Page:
Kashmiriyat and Pakistaniyat: Choosing between Life and Death

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Imtiyaz Muneeb

Kashmir’s 5,000 years old socio-cultural milieu continues to be eclipsed by the externally imported religious extremist ideology of fanatic Islamism. In this context, it is important to recount what Kashmir was and what Kashmiriyat means.

In Kashmir, religious extremism and terrorism sponsored and nourished by Pakistan led to the annihilation of ideas like pluralism, secularism, freedom and tolerance in the past three decades. We have seen how the extremist and regressive principles continue to be violently asserted in the most malevolent manner in Kashmir. In the exceptional circumstances of 1947, the secular and democratic foundations of Kashmir brought it closer to India. Kashmir squarely rejected the two-nation theory. The idea of a secular democracy found natural coherence with the idea of Kashmiriyat, which is based on the universal ethos of secularism and pluralism.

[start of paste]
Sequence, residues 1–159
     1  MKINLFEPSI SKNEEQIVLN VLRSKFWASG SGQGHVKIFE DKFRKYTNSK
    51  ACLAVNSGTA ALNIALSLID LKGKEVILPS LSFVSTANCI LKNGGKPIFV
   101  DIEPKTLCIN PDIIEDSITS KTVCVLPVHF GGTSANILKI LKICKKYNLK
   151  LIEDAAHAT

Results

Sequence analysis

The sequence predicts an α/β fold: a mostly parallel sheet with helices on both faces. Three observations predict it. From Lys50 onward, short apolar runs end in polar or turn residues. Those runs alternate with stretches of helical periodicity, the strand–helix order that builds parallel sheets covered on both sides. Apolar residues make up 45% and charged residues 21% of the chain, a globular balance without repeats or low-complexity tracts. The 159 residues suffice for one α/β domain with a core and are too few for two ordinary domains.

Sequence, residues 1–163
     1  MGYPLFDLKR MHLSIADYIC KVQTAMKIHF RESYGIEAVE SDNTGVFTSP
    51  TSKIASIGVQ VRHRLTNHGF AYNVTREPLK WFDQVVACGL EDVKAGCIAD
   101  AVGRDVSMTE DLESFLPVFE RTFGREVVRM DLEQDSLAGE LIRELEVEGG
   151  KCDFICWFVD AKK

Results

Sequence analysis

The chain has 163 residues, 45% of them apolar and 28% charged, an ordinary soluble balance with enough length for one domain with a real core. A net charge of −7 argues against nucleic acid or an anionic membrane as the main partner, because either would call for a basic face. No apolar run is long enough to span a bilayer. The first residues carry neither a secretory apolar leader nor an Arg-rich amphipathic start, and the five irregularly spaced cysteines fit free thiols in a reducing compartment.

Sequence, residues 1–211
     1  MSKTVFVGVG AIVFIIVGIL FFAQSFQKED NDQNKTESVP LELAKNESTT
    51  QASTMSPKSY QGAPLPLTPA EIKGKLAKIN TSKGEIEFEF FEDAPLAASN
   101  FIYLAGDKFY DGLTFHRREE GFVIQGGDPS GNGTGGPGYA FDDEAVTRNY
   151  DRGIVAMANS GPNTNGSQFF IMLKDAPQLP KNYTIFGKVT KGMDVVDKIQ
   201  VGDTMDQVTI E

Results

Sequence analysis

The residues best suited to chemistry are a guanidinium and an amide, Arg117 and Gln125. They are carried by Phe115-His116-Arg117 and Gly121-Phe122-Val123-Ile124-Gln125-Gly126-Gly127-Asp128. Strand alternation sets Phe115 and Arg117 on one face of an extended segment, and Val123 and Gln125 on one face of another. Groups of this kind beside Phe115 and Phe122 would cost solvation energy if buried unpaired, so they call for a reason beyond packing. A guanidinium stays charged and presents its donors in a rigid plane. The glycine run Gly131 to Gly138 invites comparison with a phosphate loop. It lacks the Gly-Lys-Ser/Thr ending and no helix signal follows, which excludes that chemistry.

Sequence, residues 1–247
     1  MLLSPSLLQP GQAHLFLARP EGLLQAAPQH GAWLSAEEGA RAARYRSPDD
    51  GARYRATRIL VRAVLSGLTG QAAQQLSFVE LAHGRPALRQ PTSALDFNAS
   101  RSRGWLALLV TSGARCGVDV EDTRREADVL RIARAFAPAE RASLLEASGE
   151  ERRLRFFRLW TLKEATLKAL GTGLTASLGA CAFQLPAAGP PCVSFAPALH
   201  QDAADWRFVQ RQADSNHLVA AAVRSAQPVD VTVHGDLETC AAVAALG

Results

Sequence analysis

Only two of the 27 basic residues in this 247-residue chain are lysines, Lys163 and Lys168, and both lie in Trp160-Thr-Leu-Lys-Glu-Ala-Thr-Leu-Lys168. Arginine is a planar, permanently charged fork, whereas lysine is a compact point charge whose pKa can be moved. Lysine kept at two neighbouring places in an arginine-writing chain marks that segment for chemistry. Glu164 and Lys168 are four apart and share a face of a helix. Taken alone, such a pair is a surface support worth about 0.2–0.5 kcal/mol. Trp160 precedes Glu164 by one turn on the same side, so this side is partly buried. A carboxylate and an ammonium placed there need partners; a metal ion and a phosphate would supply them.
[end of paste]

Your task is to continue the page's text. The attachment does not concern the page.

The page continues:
This pluralist ethos has historically defined the idea of Kashmir and Kashmiriyat.  But unfortunately, we have paid a very heavy price on two counts. One: the conflict and political unrest caused by Pakistan’s proxy war. Two: Pakistan’s mission of cultural and ideological cleansing. Both politically and culturally, our existence came under severe attack for these three decades.